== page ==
Madrina Cofounder Michael Martensen mixes a Raspberry Collins.

Madrina Cofounder Michael Martensen mixes a Raspberry Collins.

Ashley Landis/Staff Photographer

The new year means new drinks. Six of Dallas' top bartenders are infused with enthusiasm for what they'd like their customers to try on New Year's Eve and into 2016.

Michael Martensen, Madrina


This mix master is jazzed about drinking and making other-fruit brandy sours, using pear, apple or raspberry brandies. He suggests substituting a fruit brandy, rather than a grape-distilled spirit, for gin in the traditional French 75 or Tom Collins.

Night Changes ($14) is such a choice at Madrina. It's Clear Creek Pear Brandy, fresh lemon juice and simple syrup, garnished with lemon peel and topped off with dry sparkling wine. Top with club soda instead for the Collins effect.

New Year's Eve: Madrina is doing a multicourse dinner for $105. 

Gina Gottlich, the Second Floor

The Second Floor by Scott Gottlich

The beverage director at the Westin Galleria restaurant rhapsodizes about the $12 Muzzle of Bees (rye, lemon-infused honey and lemon bitters, finished with cracked black pepper).

"This is one of my favorites because I am a huge whiskey fan and particularly like the Rittenhouse Rye, which adds some spice to the cocktail," Gottlich says.

NYE: The Second Floor presents a five-course dinner for $75.

Matt Ragan, Victor Tangos

Victor Tangos

The manager there has embraced the distinctive Hamilton St. Lucian Pot Still Aged Rum, aged 7 years, and fashioned a classic daiquiri, for $11, with it.

"The complexity and depth of the rum shines through the balance of citrus and sugar," Ragan says, noting that the sturdy liquor (59 percent alcohol by volume) gets diluted just enough to balance with the other components -- lime juice and simple syrup.

Kyle Hilla, the Theodore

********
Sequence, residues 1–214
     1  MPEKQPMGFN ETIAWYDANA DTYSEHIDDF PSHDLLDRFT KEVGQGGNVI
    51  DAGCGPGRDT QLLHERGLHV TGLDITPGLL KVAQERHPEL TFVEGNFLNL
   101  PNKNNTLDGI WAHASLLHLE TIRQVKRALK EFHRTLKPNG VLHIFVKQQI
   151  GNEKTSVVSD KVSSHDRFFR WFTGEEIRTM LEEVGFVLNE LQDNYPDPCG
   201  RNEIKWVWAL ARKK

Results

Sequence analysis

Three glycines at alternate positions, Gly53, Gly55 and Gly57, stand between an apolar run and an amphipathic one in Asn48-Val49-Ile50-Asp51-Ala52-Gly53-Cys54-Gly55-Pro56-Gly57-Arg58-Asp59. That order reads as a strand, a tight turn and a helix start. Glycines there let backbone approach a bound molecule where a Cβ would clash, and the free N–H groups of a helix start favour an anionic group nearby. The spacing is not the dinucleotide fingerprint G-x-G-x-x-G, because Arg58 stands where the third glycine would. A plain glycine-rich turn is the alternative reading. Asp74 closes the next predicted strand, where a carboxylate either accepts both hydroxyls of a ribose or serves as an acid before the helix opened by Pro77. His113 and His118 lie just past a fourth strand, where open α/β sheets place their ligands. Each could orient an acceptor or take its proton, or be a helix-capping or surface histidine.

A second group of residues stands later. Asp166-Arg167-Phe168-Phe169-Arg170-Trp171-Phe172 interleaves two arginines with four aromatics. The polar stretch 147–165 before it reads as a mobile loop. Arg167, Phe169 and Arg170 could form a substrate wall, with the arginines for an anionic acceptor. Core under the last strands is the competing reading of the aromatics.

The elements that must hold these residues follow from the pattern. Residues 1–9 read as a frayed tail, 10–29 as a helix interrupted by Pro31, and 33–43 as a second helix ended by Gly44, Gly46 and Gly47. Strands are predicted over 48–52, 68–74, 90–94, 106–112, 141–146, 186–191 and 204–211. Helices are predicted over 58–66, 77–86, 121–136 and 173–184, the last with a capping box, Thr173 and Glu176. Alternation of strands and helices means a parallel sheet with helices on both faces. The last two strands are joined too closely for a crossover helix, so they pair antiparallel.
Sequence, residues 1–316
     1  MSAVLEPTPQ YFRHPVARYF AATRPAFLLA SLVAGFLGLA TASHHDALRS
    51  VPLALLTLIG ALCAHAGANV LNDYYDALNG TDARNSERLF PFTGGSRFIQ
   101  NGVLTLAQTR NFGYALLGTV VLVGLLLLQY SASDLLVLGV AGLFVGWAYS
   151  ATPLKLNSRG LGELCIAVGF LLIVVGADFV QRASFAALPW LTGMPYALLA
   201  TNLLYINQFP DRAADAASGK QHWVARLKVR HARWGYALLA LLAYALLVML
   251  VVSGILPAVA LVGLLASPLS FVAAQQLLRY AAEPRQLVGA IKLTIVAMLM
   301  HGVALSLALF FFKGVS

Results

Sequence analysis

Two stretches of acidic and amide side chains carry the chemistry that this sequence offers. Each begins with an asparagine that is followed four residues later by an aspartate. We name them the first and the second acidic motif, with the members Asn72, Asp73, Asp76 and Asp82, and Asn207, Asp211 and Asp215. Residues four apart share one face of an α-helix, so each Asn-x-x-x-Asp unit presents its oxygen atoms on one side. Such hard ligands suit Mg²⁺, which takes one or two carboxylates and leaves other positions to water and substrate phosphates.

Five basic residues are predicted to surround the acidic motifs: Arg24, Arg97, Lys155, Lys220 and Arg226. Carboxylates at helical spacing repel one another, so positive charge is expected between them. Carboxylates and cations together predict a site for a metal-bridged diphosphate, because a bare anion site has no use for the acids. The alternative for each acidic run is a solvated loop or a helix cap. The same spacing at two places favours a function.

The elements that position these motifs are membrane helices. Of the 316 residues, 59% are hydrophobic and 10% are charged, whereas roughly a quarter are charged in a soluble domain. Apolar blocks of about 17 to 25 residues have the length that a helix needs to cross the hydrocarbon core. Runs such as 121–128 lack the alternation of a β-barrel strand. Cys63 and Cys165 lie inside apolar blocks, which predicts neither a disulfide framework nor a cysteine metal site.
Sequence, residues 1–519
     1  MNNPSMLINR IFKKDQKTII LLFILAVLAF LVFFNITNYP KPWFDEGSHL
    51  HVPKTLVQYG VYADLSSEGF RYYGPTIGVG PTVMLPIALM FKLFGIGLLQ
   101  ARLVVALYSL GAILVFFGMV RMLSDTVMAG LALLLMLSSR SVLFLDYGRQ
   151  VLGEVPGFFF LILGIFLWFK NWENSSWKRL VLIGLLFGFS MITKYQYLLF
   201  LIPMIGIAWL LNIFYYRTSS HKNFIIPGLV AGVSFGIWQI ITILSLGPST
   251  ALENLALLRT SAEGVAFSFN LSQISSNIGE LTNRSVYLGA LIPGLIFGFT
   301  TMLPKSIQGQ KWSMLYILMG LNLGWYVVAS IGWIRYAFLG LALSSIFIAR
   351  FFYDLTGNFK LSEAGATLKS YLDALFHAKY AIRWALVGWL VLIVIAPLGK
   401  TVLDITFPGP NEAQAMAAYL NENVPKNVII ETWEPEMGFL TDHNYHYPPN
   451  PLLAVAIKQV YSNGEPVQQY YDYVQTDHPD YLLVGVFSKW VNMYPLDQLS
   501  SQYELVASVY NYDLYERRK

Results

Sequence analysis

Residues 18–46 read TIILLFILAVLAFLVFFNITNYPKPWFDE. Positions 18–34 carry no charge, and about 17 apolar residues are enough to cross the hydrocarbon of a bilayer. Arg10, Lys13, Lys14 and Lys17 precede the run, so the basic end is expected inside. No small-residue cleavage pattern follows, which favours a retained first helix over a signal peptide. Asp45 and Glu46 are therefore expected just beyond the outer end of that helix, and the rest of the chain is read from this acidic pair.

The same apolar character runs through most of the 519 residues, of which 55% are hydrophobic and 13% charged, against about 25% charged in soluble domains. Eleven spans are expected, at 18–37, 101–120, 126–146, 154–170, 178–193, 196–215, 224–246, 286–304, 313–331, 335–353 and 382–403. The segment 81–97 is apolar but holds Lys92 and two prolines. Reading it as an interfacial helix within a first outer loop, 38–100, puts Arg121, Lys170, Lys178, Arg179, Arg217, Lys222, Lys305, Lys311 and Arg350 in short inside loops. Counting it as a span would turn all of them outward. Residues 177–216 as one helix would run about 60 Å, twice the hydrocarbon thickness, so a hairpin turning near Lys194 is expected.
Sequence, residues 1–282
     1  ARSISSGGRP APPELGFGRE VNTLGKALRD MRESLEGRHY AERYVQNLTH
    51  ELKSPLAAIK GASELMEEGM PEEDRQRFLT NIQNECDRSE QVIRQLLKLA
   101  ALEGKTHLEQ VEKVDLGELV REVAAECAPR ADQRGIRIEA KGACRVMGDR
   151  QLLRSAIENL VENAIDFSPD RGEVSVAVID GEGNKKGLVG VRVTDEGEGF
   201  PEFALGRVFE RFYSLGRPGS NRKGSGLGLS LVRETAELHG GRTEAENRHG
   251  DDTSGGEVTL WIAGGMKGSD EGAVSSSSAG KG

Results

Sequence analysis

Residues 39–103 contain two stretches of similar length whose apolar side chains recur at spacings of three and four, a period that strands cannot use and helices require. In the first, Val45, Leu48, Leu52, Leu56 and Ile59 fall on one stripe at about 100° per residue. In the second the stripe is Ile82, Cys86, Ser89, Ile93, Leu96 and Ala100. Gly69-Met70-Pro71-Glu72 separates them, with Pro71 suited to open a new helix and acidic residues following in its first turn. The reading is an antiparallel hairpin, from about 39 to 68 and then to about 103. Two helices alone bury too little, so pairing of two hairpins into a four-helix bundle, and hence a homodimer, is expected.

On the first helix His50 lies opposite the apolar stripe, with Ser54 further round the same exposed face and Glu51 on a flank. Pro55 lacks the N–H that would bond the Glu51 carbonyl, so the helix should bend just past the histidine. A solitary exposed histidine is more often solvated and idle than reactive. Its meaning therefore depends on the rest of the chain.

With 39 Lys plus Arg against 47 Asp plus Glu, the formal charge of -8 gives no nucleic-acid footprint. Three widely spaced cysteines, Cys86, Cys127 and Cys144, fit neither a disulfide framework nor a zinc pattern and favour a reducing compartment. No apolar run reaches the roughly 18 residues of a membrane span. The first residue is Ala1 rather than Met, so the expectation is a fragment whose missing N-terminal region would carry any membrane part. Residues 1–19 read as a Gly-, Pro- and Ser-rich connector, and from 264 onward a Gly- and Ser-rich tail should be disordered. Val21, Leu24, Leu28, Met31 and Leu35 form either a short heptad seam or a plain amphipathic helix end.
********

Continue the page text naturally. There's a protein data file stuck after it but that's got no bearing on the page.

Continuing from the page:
The Theodore

The bar manager at the quirky NorthPark newcomer says: Don't be afraid to freeze. He's touting the Everglades (Caña Brava rum, green chartreuse, cucumber and ginger pop rocks) for $10.

"I think people need to change the way they think of frozen drinks and realize how fun and tasty they can be," he says.

Chad Solomon, Midnight Rambler

Midnight Rambler

The Joule lounge sorcerer also works magic with sours. His Pinetop Perker ($12) combines genever, malted Swedish aquavit and Austrian pine liqueur for a savory seasonal concoction that he describes as "distinctly northern European."

Solomon, a musical archivist, named it after a Mississippi Delta blues pianist, Joe Willie "Pinetop" Perkins.

NYE: Midnight Rambler hosts a Boho-A-Go-Go dance party. $25 cover after 8:30 p.m.

Josh McEachern, Proof + Pantry

Proof + Pantry

Martensen's stablemate wants to reclaim the classic dry martini like this: gin, dry vermouth, orange bitters, stirred and garnished with a lemon peel.

"Stirring gets drinks just as cold as shaking and creates a velvety texture rather than air bubbles and ice shards," McEachern says. But going against conventions, he likes equal parts gin and vermouth, a "balance of strength and dryness."

It's $12 with a premium gin.

NYE: The bar offers an a la carte version of the pre-set dining room menu. $30.

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